While on vacation in San Francisco with her mother, Kiku is suddenly displaced from the present day and taken to the 1940s, when her grandmother Ernestina Teranishi was incarcerated alongside other Japanese Americans during the war. Kiku gets stuck in the past and must live in the camp, witnessing and learning about the suffering and survival of her ancestors and the Japanese American community at large in a way she never could have imagined. This graphic novel beautifully blends history and fiction to shed a light on intergenerational trauma and the importance of memory.
Letters to Memory by Karen Tei Yamashita
In this experimental work, Karen Tei Yamashita constructs a series of epistolary conversations with figures such as Homer and Vyasa as a means to explore the archives of her family’s history. By sharing various documents, letters, photographs, and other materials, Yamashita builds a picture of not only her family’s experiences of the incarceration, but also examines it from various academic perspectives.
After the Bloom by Leslie Shimotakahara
Rita Takemitsu, a single mother in 1980s Toronto, embarks on a search for her mother Lily, who has gone missing. Over the course of her investigation, Rita begins to uncover secrets related to her mother’s incarceration at a camp in California during World War II, the family’s immigration to Canada after the war, and the mysterious father she has never known. Told in alternating storylines, this novel portrays a family confronting and coming to terms with their past.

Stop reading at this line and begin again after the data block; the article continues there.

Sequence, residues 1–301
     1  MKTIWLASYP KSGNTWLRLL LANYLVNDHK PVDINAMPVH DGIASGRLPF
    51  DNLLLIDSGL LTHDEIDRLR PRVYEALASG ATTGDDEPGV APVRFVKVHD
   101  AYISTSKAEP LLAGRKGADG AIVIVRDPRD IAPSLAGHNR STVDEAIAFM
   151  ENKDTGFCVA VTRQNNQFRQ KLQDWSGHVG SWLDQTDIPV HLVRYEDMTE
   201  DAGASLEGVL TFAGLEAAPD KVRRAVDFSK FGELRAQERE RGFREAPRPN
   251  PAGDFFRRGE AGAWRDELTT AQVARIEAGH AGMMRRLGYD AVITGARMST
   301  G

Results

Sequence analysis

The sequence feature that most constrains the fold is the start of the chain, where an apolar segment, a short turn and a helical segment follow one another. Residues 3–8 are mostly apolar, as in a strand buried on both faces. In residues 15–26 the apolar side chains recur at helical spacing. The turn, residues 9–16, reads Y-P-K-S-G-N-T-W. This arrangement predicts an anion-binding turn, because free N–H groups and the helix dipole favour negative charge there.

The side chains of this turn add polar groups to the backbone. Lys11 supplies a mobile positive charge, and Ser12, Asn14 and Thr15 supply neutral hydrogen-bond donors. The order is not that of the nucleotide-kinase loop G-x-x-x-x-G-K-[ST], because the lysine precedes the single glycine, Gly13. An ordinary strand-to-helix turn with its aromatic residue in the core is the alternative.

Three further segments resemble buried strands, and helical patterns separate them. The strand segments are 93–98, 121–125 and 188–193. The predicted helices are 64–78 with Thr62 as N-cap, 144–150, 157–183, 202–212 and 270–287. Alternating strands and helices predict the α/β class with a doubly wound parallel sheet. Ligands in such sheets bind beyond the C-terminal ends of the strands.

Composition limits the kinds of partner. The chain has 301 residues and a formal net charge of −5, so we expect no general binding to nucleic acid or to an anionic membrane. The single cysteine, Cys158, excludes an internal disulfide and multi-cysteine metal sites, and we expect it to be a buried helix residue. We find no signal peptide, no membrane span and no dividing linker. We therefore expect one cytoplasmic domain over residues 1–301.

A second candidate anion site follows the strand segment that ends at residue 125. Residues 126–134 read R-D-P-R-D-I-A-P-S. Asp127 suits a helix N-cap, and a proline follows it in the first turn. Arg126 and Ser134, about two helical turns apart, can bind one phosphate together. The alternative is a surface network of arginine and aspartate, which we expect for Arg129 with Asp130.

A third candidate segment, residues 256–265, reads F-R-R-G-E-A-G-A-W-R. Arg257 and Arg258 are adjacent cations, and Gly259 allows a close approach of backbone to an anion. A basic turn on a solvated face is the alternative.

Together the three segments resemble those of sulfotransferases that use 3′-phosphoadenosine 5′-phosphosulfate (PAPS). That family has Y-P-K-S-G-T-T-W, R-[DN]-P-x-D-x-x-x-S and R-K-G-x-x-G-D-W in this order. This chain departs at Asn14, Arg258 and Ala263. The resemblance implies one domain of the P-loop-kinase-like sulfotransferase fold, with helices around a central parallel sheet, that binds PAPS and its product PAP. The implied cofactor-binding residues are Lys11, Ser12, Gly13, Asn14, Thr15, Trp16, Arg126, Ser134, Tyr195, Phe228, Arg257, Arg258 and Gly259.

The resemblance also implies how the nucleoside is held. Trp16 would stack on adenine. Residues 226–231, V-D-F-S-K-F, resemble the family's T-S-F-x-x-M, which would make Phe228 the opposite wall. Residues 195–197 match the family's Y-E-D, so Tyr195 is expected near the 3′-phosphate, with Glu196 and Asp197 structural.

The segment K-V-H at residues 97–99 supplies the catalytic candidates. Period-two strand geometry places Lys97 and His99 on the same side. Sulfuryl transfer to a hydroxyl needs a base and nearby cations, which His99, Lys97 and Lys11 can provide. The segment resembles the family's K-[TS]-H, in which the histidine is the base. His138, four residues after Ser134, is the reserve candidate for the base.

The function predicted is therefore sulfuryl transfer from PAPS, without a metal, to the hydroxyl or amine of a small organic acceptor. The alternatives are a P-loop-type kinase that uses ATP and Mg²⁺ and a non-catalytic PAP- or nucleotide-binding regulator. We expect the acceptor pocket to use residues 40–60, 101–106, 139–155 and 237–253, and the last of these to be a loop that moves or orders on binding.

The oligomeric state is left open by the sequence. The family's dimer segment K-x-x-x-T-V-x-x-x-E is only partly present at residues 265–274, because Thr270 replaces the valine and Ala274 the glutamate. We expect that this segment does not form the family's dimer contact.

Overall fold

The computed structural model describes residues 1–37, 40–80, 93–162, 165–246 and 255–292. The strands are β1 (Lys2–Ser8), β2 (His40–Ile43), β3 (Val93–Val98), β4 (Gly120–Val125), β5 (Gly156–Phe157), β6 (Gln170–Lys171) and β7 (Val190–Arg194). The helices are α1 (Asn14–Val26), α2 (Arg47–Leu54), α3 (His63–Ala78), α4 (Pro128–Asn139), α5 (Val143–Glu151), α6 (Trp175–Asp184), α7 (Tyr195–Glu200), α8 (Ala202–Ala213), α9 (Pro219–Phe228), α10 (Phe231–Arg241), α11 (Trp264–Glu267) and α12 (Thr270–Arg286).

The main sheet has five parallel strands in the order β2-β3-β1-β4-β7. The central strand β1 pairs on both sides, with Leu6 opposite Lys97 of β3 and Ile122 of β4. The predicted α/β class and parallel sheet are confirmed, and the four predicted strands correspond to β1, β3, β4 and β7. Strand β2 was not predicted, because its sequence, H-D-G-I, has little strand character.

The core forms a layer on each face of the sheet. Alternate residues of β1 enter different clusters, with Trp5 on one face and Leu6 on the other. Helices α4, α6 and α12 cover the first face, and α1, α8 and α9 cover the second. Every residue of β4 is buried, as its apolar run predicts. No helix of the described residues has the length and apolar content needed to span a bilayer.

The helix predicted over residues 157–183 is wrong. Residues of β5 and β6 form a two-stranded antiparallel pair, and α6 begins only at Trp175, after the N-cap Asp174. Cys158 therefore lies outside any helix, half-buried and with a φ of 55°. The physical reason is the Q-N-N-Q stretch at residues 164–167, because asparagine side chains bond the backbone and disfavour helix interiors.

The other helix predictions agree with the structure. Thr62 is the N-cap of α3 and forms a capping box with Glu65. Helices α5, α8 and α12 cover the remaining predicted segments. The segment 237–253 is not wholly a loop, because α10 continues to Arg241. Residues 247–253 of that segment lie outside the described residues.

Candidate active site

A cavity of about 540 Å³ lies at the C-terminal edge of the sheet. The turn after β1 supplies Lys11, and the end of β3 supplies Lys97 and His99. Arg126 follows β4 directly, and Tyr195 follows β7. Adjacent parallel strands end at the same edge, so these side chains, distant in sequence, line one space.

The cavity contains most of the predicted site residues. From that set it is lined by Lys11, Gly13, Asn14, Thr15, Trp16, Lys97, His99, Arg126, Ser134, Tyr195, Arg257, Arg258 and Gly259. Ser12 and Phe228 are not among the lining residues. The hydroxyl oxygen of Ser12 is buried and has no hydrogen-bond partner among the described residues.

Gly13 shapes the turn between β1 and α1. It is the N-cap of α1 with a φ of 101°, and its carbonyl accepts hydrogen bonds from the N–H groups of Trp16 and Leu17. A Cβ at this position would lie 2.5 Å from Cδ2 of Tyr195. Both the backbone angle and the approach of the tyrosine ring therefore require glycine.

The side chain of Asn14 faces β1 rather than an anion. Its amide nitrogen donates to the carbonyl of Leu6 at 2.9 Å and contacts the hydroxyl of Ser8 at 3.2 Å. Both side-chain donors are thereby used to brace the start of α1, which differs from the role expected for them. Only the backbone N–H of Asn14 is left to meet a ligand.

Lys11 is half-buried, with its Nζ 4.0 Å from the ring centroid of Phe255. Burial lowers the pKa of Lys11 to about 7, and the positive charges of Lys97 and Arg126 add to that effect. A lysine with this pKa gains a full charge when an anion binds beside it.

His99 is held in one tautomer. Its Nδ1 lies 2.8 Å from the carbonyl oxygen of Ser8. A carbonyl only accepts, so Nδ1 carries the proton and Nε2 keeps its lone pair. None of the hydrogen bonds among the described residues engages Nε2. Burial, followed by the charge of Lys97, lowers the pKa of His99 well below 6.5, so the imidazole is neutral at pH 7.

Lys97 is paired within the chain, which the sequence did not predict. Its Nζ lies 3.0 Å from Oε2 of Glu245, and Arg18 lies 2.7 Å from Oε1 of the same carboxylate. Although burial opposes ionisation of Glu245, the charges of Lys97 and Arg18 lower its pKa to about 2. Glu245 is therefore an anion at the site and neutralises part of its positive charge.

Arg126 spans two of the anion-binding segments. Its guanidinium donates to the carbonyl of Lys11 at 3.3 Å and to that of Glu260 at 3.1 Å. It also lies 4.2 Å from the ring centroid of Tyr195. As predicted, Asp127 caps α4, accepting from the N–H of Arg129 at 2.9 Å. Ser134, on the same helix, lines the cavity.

We Are Not Free by Traci Chee
This novel follows 14 Nisei teenagers who grew up together in San Francisco as their lives are upended by the mass incarcerations of World War II. While the outside world rejects them as the enemy, they must join together and form a community in order to survive. Though a work of fiction, parts of the narrative are inspired by aspects of Chee’s family’s real experiences as told to her through interviews with relatives who lived through the period.
Be sure to also check out this list of children’s books for more about Japanese experiences during World War II.
Though the incarceration of Japanese Americans during World War II is an event from the past, issues of racism and injustice of all forms continue to permeate our society and harm many communities. While today is a reminder of this specific injustice committed against Japanese Americans by the U.S. government, I hope that reading and learning about it allows for a more empathetic and accepting world as a whole.